Annual Report (2006-07) and (2007-08), Ministry of Health and Family Welfare, GoI, pp. 82, 78.
Annual Report (2006-07), Ministry of Health and Family Welfare, GoI, page 66.
Annual Report (2006-07) and (2007-08), Ministry of Health and Family Welfare, GoI, pp. 80, 72.
Reproductive and Child Health Programme -II, Third Joint Review Mission, January 15–February 8,
Ministry of Health and Family Welfare, GoI, 2007, pp. 11, 101,113, 157.
Annual Report (2006-07), Ministry of Health and Family Welfare, GoI, page 87.
Annual Report (2007-08), Ministry of Health and Family Welfare, GoI, page 80.
Annual Report (2007-08), Ministry of Health and Family Welfare, GoI, page 82.
11th Five Year Plan (2007-12), Vol. II, Social Sector, Planning Commission, GoI, 2008, page 162.
11th Five Year Plan (2007-12), Vol. II, Social Sector, Planning Commission, GoI, 2008, page 163.
District Level Household and Facility Survey-3 (2007-08), Fact Sheet India, Ministry of Health and
Family Welfare, GoI.
Progress on Drinking Water and Sanitation, Special Focus on Sanitation, UNICEF, WHO, 2008, Figure
18, page 19.
11th Five Year Plan (2007-12), Vol. II, Social Sector, Planning Commission, GoI, 2008, page 164.
Annual Report (2006-07), Ministry of Health and Family Welfare, GoI, page 61.
National Polio Surveillance Project, AFP Surveillance Bulletin India, GoI, http://www.npspindia.org/
bulletin.pdf
Implementation of the International Covenant on Economic, Social and Cultural Rights, Combined
Second, Third, Fourth and Fifth Periodic Report of India, 2007, page 142.
11th Five Year Plan (2007-12), Vol. II, Social Sector, Planning Commission, GoI, 2008, page 206.
Special Policy on Universal Access for Children affected by HIV and AIDS, http://www.unicef.org/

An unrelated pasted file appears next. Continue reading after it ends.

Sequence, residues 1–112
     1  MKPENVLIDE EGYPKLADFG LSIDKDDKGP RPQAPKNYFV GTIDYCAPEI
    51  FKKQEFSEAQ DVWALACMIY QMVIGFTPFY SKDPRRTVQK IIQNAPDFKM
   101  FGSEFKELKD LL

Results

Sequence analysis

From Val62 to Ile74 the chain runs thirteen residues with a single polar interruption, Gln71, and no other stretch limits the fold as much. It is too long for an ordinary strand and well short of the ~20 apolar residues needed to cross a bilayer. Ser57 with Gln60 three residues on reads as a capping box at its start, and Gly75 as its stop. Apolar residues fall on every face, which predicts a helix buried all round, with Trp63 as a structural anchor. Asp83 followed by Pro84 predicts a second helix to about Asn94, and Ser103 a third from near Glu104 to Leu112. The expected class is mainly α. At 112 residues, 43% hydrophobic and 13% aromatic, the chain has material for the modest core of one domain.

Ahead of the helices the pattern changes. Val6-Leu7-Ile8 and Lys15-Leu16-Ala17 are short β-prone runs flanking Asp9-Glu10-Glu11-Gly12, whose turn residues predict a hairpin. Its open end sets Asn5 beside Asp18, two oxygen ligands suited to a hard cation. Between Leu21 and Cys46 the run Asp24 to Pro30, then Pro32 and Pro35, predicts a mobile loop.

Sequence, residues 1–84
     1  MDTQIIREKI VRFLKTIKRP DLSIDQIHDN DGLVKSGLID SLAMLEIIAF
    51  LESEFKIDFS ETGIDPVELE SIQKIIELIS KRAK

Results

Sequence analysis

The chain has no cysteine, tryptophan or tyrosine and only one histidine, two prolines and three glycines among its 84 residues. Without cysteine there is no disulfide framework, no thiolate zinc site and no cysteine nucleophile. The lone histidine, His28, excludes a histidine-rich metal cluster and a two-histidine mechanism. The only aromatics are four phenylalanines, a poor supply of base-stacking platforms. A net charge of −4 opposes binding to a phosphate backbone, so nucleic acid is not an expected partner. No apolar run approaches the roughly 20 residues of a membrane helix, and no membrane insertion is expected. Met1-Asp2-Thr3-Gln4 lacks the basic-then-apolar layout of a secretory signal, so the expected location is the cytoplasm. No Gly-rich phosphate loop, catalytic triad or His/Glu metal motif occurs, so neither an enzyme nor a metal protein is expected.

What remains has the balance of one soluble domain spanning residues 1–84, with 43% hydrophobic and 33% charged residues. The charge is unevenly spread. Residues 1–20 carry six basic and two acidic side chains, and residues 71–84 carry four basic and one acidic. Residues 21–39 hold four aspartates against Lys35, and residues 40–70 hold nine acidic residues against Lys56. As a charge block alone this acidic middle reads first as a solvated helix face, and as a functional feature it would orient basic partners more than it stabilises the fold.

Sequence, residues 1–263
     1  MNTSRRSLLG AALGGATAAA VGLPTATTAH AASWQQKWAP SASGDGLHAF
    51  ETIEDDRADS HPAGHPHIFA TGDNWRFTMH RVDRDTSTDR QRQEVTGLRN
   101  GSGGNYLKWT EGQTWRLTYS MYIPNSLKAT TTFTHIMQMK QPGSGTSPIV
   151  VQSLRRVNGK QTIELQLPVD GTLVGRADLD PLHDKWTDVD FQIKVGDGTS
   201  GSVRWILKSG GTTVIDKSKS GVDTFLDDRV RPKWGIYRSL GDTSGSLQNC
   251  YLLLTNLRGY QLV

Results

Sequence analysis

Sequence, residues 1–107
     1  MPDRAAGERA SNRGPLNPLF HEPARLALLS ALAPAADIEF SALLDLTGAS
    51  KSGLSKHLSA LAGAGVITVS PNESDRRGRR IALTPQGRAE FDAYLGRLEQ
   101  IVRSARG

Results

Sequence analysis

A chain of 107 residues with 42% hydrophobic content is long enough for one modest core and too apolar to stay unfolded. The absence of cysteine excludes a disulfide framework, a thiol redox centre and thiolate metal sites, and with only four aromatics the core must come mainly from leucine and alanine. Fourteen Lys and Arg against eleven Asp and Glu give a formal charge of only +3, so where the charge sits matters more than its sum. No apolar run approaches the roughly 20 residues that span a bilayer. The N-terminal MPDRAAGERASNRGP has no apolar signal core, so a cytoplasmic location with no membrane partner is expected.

india/hiv_aids_3556.htm.
The 18 States are: Uttar Pradesh, Uttarakhand, Madhya Pradesh, Chhattisgarh, Bihar, Jharkhand, Oris-
sa, Rajasthan, Himachal Pradesh, Jammu & Kashmir, Assam, Arunachal Pradesh, Manipur, Meghalaya,
Nagaland, Mizoram, Sikkim and Tripura.
India: Third and Fourth Combined Periodic Report on the CRC draft, Inputs of Ministry of Health and
Family Welfare, GoI, 2007, pp. 20-21.
The Reproductive and Child Health Programme-II, Third JRM, January 15–February 8, Ministry of
Health and Family Welfare, GoI, 2007, page 2.
Annual Report (2006-07), Ministry of Health and Family Welfare, GoI, page 106.
The Reproductive and Child Health Programme -II, Third Joint Review Mission, January 15-February 8,
Ministry of Health and Family Welfare, GoI, 2007, page 17.
11th Five Year Plan (2007-12), Vol. II, Social Sector, Planning Commission, GoI, 2008, pp. 92-93.
Annual Report (2007-08), Ministry of Health and Family Welfare, GoI, pp. 59-60.
Janani Suraksha Yojana: A Demand Side Intervention for Promoting Safe Delivery, Ministry of Health and
Family Welfare, GoI, http://mohfw.nic.in/NRHM/GOA%20Workshop/PDFs/03-05-08_pdf/JSY.pdf
The Gadchiroli model successfully employed by SEARCH, an NGO, in the Gadchiroli District of
Maharashtra, used Home Based Newborn Care (HBNC) approach to train Community Health Workers
to identify and manage hypothermia, asphyxia and sepsis.




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157

71


72


73



74


75

76

77

78

79

80

81

82

83

84

85

86

87

88



89


90

91

92

93



Annual Report (2006-07), Ministry of Health and Family Welfare, GoI, page 57, and India: Third and
Fourth Combined Periodic Report on the CRC draft, Inputs of Ministry of Health and Family Welfare,
GoI, 2007, pp. 7, 10.
Annual Report (2006-07), Ministry of Health and Family Welfare, GoI, page 57, and India: Third and
Fourth Combined Periodic Report on the CRC draft, Inputs of Ministry of Health and Family Welfare,
GoI, 2007, pp. 7, 10.
To facilitate the preparation of area-specific programmes with special emphasis on eight States (Bihar,
Jharkhand, Orissa, Madhya Pradesh, Chhattisgarh, Rajasthan, Uttar Pradesh and Uttarakhand) lagging
in containing population growth to manageable limits, the GoI constituted an Empowered Action Group
in the Ministry of Health and Family Welfare on March 20, 2001.
Annual Report (2006-07), Ministry of Health and Family Welfare, GoI, page. 57, and India: Third and
Fourth Combined Periodic Report on the CRC draft, Inputs of Ministry of Health and Family Welfare,
GoI, 2007, page 7.
National Family Health Survey-3, Ministry of Health and Family Welfare, GoI, 2007, page 233.
India: Third and Fourth Combined Periodic Report on the CRC draft, Inputs of Ministry of Health and